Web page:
"Deciding on a form for your poem might provide a jumping-off point," Gecan explains. "For example, maybe you want to write an acrostic [where the first letters of each line spell out a word]. You can use the word 'mom' or 'mother' to write an acrostic poem."

    Depending on the age of the child, you may want to stick to other simple forms of poetry like free verse or couplets. Older children may be able to write something a little more structured, such as a haiku, limerick or an ode. "Odes are a good choice for Mother's Day," Gecan says.

  5. Identify Obstacles
    There are plenty of reasons a child might struggle with writing a poem; to make the experience more enjoyable, try to detect in advance parts that might be challenging.

    "Children can struggle with the form of poetry," O'Brien says. "The principles can seem murky."

    Depending on the type of poem, it may have a clear rhythm and structure, or it may not. This can be confusing and overwhelming for some children. If this is the case, try sticking with an established form such as a haiku or limerick.

    "Children also struggle with thinking of what to write," says O'Brien. To help, suggest specific things they may want to talk about. "'My mom' can be a pretty intimidating subject to write a poem about; 'examples of how my mom makes me feel loved' is not so scary."

  6. Develop a Plan
    "Children -- and adults -- need to have a clear idea of what they are writing about and a clear idea of how they are expected to express their thoughts," O'Brien explains.

    And remember, this should be fun for kids. There are no wrong ideas of ways of doing things. "Whatever enters the child's mind should be scribbled on a paper," O'Brien says.

    Here's a step-by-step plan to simplify the writing process:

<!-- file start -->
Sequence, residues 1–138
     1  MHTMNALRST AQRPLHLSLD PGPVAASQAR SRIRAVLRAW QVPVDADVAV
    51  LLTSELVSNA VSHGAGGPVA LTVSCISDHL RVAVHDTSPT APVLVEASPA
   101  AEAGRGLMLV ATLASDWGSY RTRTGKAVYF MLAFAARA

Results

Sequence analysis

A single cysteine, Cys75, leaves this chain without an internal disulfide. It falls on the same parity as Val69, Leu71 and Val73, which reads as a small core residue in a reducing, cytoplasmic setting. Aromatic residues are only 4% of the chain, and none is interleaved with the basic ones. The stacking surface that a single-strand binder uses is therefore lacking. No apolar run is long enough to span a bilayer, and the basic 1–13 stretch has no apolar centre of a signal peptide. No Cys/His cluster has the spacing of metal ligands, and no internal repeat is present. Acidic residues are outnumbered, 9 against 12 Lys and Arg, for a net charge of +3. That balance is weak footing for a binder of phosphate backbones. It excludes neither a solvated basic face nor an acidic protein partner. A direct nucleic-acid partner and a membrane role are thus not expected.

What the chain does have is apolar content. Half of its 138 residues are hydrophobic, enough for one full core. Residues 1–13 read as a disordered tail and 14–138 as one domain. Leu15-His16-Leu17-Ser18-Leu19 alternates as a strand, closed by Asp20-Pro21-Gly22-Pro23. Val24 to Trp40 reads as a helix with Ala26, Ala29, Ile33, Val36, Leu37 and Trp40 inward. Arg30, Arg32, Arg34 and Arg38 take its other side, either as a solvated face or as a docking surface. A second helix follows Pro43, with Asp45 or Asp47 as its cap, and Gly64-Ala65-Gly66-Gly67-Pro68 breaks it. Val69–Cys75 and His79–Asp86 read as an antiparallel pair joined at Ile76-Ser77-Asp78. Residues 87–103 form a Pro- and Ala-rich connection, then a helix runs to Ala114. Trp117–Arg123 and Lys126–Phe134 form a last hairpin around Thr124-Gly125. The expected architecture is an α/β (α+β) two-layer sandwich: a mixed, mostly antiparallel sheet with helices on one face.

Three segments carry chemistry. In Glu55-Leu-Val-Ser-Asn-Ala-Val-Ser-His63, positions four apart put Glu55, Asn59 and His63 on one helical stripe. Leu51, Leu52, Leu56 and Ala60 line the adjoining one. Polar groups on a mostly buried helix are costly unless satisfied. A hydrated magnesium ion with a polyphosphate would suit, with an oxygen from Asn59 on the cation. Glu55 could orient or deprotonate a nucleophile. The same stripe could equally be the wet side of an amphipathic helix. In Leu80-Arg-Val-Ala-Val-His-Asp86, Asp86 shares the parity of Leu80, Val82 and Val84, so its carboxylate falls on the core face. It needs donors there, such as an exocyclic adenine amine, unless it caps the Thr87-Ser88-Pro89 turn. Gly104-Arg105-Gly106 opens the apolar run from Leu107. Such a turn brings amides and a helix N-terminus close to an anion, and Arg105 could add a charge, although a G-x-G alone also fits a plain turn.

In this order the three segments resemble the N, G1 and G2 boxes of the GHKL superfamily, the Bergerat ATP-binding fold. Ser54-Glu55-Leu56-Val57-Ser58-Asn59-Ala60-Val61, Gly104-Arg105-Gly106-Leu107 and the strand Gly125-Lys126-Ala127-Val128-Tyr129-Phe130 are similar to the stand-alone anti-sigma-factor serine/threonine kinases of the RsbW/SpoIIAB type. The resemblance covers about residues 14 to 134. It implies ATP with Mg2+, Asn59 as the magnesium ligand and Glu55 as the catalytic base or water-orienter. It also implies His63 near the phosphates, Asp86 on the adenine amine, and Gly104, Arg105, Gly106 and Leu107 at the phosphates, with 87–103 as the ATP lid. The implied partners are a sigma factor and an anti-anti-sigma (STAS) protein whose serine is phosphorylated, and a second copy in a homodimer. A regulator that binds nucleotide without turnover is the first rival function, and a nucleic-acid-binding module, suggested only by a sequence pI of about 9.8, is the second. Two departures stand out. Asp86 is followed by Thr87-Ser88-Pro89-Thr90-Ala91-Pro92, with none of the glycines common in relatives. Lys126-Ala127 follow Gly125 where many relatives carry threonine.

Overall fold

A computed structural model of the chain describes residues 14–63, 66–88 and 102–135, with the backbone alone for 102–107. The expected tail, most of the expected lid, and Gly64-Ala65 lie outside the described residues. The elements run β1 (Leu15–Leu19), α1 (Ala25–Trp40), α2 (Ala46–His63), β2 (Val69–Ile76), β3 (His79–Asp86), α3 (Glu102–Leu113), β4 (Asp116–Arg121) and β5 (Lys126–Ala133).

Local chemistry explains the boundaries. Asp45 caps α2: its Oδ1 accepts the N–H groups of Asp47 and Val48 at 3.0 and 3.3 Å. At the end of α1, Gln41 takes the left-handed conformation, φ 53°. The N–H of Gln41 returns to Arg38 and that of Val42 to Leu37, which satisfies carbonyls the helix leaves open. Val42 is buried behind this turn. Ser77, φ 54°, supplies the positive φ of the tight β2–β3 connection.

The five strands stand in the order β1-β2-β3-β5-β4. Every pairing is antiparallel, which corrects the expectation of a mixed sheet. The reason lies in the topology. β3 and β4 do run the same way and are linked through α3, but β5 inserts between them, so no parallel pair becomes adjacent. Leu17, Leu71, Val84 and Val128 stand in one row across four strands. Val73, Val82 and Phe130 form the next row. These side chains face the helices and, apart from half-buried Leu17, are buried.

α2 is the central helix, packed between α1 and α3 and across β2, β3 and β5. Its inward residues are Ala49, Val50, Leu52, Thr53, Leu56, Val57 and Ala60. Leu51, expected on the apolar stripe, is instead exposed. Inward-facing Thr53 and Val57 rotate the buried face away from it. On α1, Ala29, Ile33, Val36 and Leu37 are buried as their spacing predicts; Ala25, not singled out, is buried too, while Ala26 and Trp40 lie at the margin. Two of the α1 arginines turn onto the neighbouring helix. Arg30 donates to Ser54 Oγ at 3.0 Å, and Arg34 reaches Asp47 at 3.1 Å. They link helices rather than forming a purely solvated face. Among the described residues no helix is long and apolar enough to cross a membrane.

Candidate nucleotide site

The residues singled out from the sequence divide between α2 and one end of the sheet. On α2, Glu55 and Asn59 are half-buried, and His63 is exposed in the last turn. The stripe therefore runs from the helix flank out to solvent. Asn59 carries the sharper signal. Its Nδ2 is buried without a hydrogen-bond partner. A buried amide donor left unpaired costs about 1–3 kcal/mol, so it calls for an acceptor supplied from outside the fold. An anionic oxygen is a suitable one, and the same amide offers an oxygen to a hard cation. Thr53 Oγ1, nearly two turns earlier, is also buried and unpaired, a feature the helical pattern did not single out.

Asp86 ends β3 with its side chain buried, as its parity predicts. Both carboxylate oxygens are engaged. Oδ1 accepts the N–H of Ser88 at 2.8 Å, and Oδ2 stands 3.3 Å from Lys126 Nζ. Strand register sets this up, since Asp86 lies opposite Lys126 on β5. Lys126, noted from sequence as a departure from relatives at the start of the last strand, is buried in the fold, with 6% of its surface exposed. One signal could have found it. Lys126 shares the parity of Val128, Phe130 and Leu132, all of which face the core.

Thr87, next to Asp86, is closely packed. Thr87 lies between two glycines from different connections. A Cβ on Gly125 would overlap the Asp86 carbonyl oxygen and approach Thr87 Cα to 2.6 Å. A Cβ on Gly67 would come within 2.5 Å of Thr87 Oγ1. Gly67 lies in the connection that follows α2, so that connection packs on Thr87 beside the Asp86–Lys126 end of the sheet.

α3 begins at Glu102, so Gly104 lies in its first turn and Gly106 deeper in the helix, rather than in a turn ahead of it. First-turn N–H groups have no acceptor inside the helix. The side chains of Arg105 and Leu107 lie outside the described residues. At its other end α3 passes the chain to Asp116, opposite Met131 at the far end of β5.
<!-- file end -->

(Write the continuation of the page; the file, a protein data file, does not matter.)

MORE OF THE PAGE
• Brainstorm by getting thoughts written down
    • Create an outline where the child can organize different subjects into stanzas
    • Write a rough draft
    • Add finishing touches
  7. Avoid Clichés
    Overused phrases like, "Roses are red, violets are blue" are so common that they're almost meaningless. Children are naturally creative, so let them come up with their own phrases, no matter how crazy they may seem.

  8. Choose a Title Carefully
    Titles like "For Mom" and "To Mom" are simple and to the point, but a title can also function as an introduction to the poem and set the tone. Titles such as "When Mom Bakes Me Cookies" or "When Mom Reads a Story" are much more personal and meaningful.

So this year, remember that while flowers wilt, gold tarnishes and chocolates get eaten, a Mother's Day poem will last forever.

Want to take the poem a step further? In addition to writing it out on a card, make a video of the child reciting the poem. That way Mom will also have an extra special memory to treasure.

Amanda Molé is a freelance writer in Tampa, Fla. An elementary school teacher, animal lover and avid reader, she has been writing since she was old enough to hold a pencil. Her work can be found here.